THERE has been much academic analysis of the result of the 2014 independence referendum and its consequences, and the role and performance of the media have been much discussed.
Attention has focused not only on the media in Scotland but also on the media based south of the border, most of which have a significant Scottish presence and are important in any wider view of how this debate was represented and constructed.
It is also the case that international perspectives on the debate were heard not only in their home territories but also in Scotland, and with increasing frequency as September 18th approached, and the result seemed much less predictable than had previously been anticipated.
So, Neil Blain of Stirling University, and I, with the help of Gerry Hassan – the researcher and commentator – decided to enlist the help of colleagues from a range of different countries and asked them to consider how their media reported and commented on the referendum. And its result.
The resulting book begins at home, and, after an overview of the campaign, there are chapters which consider the performances of the press and broadcasting in Scotland, alongside that of social media.
Other chapters consider sport and gender and the role of the Scottish commentariat.
Essays from academics based in England look at press and broadcasting coverage there, while the Welsh perspective and Irish standpoints – from both sides of the border – are also covered.
Inevitably, any discussion of Scottish independence has clear political resonance beyond our borders and that is very much reflected in what our contributors have to say – not just about the media performance in their parts of the world but also about how their politicians reacted to the prospect of an independent Scotland.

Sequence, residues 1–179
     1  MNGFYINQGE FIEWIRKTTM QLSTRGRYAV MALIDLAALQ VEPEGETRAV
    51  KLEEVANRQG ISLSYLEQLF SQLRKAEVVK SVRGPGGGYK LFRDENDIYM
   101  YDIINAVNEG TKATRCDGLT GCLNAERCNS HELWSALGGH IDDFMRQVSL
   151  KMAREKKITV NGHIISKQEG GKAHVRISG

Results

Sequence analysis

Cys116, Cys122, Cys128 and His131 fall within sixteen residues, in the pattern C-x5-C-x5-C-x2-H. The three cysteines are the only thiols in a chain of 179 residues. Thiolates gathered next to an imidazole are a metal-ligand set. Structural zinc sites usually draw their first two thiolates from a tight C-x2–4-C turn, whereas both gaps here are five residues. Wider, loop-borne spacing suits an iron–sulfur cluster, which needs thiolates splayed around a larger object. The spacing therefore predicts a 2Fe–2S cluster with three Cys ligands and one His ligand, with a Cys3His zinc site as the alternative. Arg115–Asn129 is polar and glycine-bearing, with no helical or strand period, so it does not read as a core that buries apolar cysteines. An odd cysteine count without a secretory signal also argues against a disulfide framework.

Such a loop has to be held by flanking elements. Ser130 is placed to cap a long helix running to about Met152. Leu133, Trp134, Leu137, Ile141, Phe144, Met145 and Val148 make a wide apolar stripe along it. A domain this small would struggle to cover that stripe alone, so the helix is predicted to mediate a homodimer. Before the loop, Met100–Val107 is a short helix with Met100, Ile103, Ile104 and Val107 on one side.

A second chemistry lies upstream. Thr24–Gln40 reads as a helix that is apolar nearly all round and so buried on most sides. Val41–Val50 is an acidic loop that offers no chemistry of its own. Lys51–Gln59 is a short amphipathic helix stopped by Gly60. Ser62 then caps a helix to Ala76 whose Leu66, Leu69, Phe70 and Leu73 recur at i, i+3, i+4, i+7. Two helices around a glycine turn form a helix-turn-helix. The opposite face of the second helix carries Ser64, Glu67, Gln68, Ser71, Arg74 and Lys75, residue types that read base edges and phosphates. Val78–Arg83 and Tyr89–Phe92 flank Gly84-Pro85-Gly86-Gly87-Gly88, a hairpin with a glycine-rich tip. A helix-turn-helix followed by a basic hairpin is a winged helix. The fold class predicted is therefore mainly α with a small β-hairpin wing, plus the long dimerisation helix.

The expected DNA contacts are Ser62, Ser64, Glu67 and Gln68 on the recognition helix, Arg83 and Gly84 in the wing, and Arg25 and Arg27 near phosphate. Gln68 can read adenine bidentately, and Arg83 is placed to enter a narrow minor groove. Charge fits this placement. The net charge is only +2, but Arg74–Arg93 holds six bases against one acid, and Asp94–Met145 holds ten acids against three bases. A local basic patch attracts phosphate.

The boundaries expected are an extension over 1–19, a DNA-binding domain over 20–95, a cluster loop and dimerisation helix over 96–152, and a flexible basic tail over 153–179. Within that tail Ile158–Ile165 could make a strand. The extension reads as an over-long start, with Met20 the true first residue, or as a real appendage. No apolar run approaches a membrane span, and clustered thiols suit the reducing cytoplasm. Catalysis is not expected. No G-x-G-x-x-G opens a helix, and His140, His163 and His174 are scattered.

When deciding from which other countries useful perspectives might be derived, first of all we went for the obvious choices: parts of the world where there are continuing struggles and disputes over the relationship between political structures and articulations of national identity.
So, two of our contributors hail from Spain and Catalonia, one from Quebec and one from ‘the rest of Canada’.
The possibility of a referendum on Catalan independence remains a very divisive issue in Spain, while in Quebec the prospect of a third referendum on independence may have receded for the moment but the constitutional debate is far from being finally settled.
Germany is a well-established federal state, so we decided that an analysis from that country should be included.
France, on the other hand, is often thought of as a highly-centralised state yet it too has a regionalised aspect, and we invited a French colleague to contribute a chapter from the perspective of the other partner in ‘the auld alliance’.
Finally, we asked a Scottish academic currently based in Australia to examine how the referendum was presented in the media of a country with a large Scottish diaspora.
As it became clear that the SNP was heading for a General Election triumph in 2015, despite losing the referendum, we asked all of our contributors to reflect on the political consequences and the presentation in their media of that fact.
So we have been able to take the analysis beyond September 2014.
It is our hope that the book we now have will offer a distinctive contribution to what is bound to be an ongoing discussion, the ultimate consequences of which are far from clear.
Scotland’s Referendum and the Media: National and International Perspectives will be published by Edinburgh University Press in March 2016.
David Hutchison is Honorary Professor of Media Policy at Glasgow Caledonian University.